Jesus, according to our evangelist's account, comes to the temple and cleanses it. Remark the order as well as character of the events. In Mark this is not the first act which is recorded, but the curse on the barren fig tree, between His inspection of all things in the temple and His ejection of those who profaned it. The fact is, there were two days or occasions in which the fig tree comes before us, according to the gospel of Mark, who gives us the details more particularly than any one, notwithstanding his brevity. Matthew, on the contrary, while he is so careful in furnishing us frequently with a double witness of the Lord's gracious ways toward His land and people, gives only as one whole His dealing with both the fig tree and the temple. We should not know from the first evangelist of any interval in either case; nor could we learn from either the first or the third but that the cleansing of the temple occurred on His earlier visit. But we know from Mark, who sets forth an exact account of each of the two days, that in neither case was all done at once. This is the more remarkable because, in the instances of the two demoniacs, or the two blind men in Matthew, Mark, like Luke, speaks only of one. Nothing can account for such phenomena but design; and the more so as there is no ground to assume that each succeeding evangelist was kept in ignorance of his predecessor's account of our Lord. It is evident that Matthew compresses in one the two acts about the temple, as well as about the fig tree. His scope excluded such details, and, I am persuaded, rightly so, according to the mind of God's Spirit. It may render it all the more striking when one observes that Matthew was there, and Mark was not. He who actually saw these transactions, and who therefore, had he been a mere acting human witness, would peculiarly have dwelt on them; he, too, who had been a personal companion of the Lord, and therefore, had it been only a question of treasuring all up as one that loved the Lord, would, naturally speaking, have been the one of the three to have presented the amplest and minutest picture of the circumstance, is just the one who does nothing of the kind. Mark, as confessedly not being an eye-witness, might have been supposed to content himself with the general view. The reverse is the fact unquestionably. This is a notable feature, and not here alone, but elsewhere also. To me it proves that the gospels are the fruit of divine purpose in all, distinctively in each. It establishes the principle that, while God condescended to employ eye-witness, He never confined Himself to it, but, on the contrary, took full and particular care to shew that He is above all creature means of information. Thus it is in Mark and Luke we find some of the most important details; not in Matthew and John, though Matthew and John were eyewitnesses, Mark and Luke not. A double proof of this appears in what has been just advanced. To Matthew, acting according to what was given him of the Spirit, there was no sufficient reason to enter into points which did not bear dispensationally upon Israel. He therefore, as often elsewhere, presents the entrance into the temple in its completeness, as being the sole matter important to his aim. Any thoughtful mind must allow, if I do not greatly err, that entrance into detail would rather detract from the augustness of the act. The minute account has its just place, on the other hand, if it be a question of the Lord's method and bearing in His service and testimony. Here I want to know the particulars; there every trace and shade are full of instruction to me. If I have to serve Him, I do well to learn and ponder His every word and way; and in this the style and mode of Mark's gospel is invaluable. Who but feels that the movements, the pauses, the sighs, the groans, the very looks of the Lord, are fraught with blessing to the soul? But if, as with Matthew, the object be the great change of dispensation consequent on the rejection of the divine Messiah, (particularly if the point, as here, be not the opening out of coming mercy, but, on the contrary, a solemn and a stern judgment on Israel,) the Spirit of God contents Himself with a general notice of the painful scene, without indulging in any circumstantial account of it.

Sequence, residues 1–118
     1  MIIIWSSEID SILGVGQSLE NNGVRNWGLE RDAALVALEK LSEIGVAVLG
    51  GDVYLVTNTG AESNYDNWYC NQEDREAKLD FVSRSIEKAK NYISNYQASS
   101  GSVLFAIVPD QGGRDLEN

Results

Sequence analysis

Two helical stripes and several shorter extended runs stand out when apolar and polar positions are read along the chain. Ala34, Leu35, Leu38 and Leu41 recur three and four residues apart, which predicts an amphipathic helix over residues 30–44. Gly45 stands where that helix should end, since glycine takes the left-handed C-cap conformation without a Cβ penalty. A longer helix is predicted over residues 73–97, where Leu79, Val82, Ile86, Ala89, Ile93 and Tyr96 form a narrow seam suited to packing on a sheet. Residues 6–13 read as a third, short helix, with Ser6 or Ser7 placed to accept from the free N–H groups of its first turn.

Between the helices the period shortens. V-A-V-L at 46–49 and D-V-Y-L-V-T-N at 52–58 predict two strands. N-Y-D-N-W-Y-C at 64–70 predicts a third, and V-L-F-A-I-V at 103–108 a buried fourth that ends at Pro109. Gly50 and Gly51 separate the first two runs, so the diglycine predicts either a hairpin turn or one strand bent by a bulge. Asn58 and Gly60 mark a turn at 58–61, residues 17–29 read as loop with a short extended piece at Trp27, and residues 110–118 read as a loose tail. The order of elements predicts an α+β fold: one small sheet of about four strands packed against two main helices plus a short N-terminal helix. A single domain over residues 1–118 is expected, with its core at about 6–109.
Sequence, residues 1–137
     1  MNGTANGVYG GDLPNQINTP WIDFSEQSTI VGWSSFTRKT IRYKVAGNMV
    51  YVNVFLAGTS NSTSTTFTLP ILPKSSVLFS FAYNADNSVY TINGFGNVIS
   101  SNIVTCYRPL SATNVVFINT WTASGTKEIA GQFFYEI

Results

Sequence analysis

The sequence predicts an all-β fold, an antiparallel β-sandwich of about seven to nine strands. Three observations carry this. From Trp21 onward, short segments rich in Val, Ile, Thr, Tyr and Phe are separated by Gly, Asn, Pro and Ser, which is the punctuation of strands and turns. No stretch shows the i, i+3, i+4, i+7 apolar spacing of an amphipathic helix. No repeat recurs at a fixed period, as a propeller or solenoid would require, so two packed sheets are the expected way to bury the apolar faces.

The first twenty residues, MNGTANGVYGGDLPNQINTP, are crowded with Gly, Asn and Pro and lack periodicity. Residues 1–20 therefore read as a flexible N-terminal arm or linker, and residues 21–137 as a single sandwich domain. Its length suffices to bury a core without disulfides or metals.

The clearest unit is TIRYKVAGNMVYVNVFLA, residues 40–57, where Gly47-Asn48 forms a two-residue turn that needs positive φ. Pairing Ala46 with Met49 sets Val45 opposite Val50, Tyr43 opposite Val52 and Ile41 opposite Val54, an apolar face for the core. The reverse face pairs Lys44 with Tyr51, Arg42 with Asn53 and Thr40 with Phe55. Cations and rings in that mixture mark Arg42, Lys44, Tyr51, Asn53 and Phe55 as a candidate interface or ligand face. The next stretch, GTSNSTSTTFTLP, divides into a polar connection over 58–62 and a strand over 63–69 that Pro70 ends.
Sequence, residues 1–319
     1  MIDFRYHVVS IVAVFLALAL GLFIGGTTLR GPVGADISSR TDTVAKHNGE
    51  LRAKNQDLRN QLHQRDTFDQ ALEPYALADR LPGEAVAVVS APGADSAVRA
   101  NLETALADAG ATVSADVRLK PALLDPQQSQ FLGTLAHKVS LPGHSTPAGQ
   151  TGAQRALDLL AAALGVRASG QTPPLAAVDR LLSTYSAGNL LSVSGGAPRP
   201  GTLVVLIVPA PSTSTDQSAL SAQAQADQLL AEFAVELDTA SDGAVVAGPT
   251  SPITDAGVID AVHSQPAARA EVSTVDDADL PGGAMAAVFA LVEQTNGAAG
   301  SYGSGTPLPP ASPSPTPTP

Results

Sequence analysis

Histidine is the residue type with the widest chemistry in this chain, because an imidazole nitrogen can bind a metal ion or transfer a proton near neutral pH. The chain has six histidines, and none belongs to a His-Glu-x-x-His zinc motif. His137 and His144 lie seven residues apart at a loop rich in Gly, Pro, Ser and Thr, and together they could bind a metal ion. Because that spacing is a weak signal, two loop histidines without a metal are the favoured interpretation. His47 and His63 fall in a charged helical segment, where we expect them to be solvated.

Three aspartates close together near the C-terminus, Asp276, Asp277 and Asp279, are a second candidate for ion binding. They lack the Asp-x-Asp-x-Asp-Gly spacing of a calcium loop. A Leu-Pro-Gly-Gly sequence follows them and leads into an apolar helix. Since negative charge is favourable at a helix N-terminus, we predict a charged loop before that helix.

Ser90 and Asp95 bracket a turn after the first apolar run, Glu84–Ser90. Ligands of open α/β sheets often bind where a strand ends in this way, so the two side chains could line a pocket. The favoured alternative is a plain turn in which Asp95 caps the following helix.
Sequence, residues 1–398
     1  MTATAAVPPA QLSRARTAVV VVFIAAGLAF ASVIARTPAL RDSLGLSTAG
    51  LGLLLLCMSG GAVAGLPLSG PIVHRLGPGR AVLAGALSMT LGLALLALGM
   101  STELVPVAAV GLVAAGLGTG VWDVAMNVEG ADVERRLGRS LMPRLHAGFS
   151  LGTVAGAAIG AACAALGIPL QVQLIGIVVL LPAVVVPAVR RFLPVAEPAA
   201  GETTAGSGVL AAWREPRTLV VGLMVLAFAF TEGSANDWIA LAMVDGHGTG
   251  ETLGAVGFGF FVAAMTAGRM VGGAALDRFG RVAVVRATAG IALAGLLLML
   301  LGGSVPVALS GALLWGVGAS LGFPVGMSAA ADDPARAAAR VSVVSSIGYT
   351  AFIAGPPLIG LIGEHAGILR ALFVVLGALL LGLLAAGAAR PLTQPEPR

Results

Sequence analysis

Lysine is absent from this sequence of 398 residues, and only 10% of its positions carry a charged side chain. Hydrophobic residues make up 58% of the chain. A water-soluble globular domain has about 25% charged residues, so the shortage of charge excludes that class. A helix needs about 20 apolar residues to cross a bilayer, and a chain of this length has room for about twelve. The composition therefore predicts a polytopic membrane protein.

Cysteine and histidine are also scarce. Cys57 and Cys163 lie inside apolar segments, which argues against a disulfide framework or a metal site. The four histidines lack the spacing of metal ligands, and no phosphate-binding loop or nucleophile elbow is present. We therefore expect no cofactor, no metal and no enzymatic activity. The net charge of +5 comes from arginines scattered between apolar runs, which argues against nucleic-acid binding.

To this it is I attribute the palpable difference in this place of Matthew as compared with Mark, and with Luke also, who omits the cursed fig tree altogether, and gives the barest mention of the temple's cleansing (Matt. 19: 45). The notion of some men, especially a few men of learning, that the difference is due to ignorance on the part of one or other or all the evangelists, is of all explanations the worst, and even the least reasonable (to take the lowest ground); it is in plain truth the proof of their own ignorance, and the effect of positive unbelief. What I have ventured to suggest I believe to be a motive, and an adequate motive, for the difference; but we must remember that divine wisdom has depths of aim infinitely beyond our ability to sound. God may be pleased to vouchsafe us a perception of what is in His mind, if we be lowly, and diligent., and dependent on Him; or He may leave us ignorant of much, where we are careless or self-confident; but sure I am that the very points men ordinarily fix on as blots or imperfections in the inspired word are, when understood, among the strongest proofs of the admirable guidance of the Holy Spirit of God. Nor do I speak with such assurance because of the least satisfaction in any attainments, but because every lesson I have learnt and do learn from God's word brings with it the ever accumulating conviction that Scripture is perfect. For the question in hand, it is enough to produce sufficient evidence that it was not in ignorance, but with full knowledge, that Matthew, Mark, and Luke wrote as they have done; I go farther, and say it was divine intention, rather than, as I conceive, any determinate plan of each evangelist, who may not himself have had before his mind the full scope of what the Holy Ghost gave him to write about it. There is no necessity to suppose that Matthew deliberately designed the result which we have in his gospel. How God brought it all to pass is another question, which, of course, it is not for us to answer. But the fact is, that the evangelist, who was present, he who consequently was an eyewitness of the details, does not give them; while one who was not there states them with the greatest particularity thoroughly harmonious with the account of him who was there, but, nevertheless, with differences as marked as their mutual corroborations. If we might rightly use, in this case, the word "originality," then originality is stamped upon the account of the second. I affirm, then, in the strictest sense, that divine design is stamped upon each, and that consistency of purpose is found everywhere in all the gospels.